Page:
and  

By clicking 'Search' you
are agreeing to our
Terms of Use.

iJobs Job Widget
iJobs General

Recruitment Genius: Business Manager

£32000 - £40000 per annum: Recruitment Genius: A Business Manager is required ...

Recruitment Genius: Operations Manager

£45000 - £55000 per annum: Recruitment Genius: This is an exciting opportunity...

Recruitment Genius: Panel & Cabinet Wireman

£20000 per annum: Recruitment Genius: Panel Wireman required for small electro...

Recruitment Genius: Electronics Test Engineer

£25000 - £27000 per annum: Recruitment Genius: An SME based in East Cheshire, ...

Day In a Page

A timely reminder of the bloody anniversary we all forgot

A timely reminder of the bloody anniversary we all forgot

Who remembers that this week we enter the 150th anniversary year of the end of the American Civil War, asks Robert Fisk
Downfall of Dustin 'Screech' Diamond, the 'Saved By The Bell' star charged with bar stabbing

Scarred by the bell

The downfall of the TV star charged with bar stabbing
Why 2014 was a year of technological let-downs

Why 2014 was a year of technological let-downs

Security breaches and overhyped start-ups dominated a year in which very little changed (save the size of your phone)
Ed Richards: Parting view of Ofcom chief. . . we hate jokes on the disabled

Ed Richards: Parting view of Ofcom chief. . . we hate jokes on the disabled

Bad language once got TV viewers irate, inciting calls to broadcasting switchboards. But now there is a worse offender, says retiring head of the media watchdog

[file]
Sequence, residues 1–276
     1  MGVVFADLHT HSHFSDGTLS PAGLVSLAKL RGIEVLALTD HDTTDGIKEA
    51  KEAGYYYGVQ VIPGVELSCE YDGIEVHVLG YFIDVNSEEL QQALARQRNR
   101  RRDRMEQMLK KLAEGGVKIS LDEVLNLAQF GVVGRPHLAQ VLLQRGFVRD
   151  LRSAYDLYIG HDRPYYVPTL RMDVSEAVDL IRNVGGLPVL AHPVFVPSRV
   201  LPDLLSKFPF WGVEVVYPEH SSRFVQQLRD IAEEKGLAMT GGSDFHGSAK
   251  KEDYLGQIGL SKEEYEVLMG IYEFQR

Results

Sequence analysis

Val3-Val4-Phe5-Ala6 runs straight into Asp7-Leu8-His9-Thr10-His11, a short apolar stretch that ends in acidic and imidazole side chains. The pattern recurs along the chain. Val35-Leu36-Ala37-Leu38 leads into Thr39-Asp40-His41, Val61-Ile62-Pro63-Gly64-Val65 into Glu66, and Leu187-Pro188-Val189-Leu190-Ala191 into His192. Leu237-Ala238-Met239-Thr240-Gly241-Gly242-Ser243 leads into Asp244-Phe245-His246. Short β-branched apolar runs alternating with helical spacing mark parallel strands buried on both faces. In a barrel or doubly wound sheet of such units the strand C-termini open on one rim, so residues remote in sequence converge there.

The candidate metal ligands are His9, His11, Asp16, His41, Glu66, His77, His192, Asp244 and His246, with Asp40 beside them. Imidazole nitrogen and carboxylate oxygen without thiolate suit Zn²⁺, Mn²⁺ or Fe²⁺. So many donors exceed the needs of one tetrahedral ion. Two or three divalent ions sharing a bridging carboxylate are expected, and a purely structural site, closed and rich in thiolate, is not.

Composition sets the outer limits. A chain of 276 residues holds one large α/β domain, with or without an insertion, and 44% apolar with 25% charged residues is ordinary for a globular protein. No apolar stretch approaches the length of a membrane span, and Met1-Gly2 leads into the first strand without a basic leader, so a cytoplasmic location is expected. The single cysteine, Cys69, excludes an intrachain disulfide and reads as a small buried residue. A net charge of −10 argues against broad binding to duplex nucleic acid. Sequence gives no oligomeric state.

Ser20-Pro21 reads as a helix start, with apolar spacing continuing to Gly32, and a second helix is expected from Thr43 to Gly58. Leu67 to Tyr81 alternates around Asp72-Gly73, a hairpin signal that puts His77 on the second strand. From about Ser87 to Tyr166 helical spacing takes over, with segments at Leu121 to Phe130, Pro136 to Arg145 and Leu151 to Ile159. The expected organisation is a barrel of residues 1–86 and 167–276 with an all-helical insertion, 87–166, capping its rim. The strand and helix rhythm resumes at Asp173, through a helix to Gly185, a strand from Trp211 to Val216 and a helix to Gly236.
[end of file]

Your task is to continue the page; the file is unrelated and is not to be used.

War with Isis: The West needs more than a White Knight

The West needs more than a White Knight

Despite billions spent on weapons, the US has not been able to counter Isis's gruesome tactics, says Patrick Cockburn
Return to Helmand: Private Davey Graham recalls the day he was shot by the Taliban

'The day I was shot by the Taliban'

Private Davey Graham was shot five times during an ambush in 2007 - it was the first, controversial photograph to show the dangers our soldiers faced in Helmand province
Revealed: the best and worst airlines for delays

Revealed: the best and worst airlines for delays

Many flyers are failing to claim compensation to which they are entitled, a new survey has found
The stories that defined 2014: From the Scottish independence referendum to the Ice Bucket Challenge, our writers voice their opinions

The stories that defined 2014

From the Scottish independence referendum to the Ice Bucket Challenge, our writers voice their opinions
Stoke-on-Trent becomes first British city to be classified as 'disaster resilient' by the United Nations

Disaster looming? Now you know where to head...

Which British city has become the first to be awarded special 'resilience' status by the UN?
Finally, a diet that works: Californian pastor's wildly popular Daniel Plan has seen his congregation greatly reduced

Finally, a diet that works

Californian pastor's wildly popular Daniel Plan has seen his congregation greatly reduced
Say it with... lyrics: The power of song was never greater, according to our internet searches

Say it with... lyrics

The power of song was never greater, according to our internet searches
Professor Danielle George: On a mission to bring back the art of 'thinkering'

The joys of 'thinkering'

Professor Danielle George on why we have to nurture tomorrow's scientists today
Monique Roffey: The author on father figures, the nation's narcissism and New Year reflections

Monique Roffey interview

The author on father figures, the nation's narcissism and New Year reflections
Introducing my anti-heroes of 2014

Introducing my anti-heroes of 2014

Their outrageousness and originality makes the world a bit more interesting, says Ellen E Jones
DJ Taylor: Good taste? It's all a matter of timing...

Good taste? It's all a matter of timing...

It has been hard to form generally accepted cultural standards since the middle of the 19th century – and the disintegration is only going to accelerate, says DJ Taylor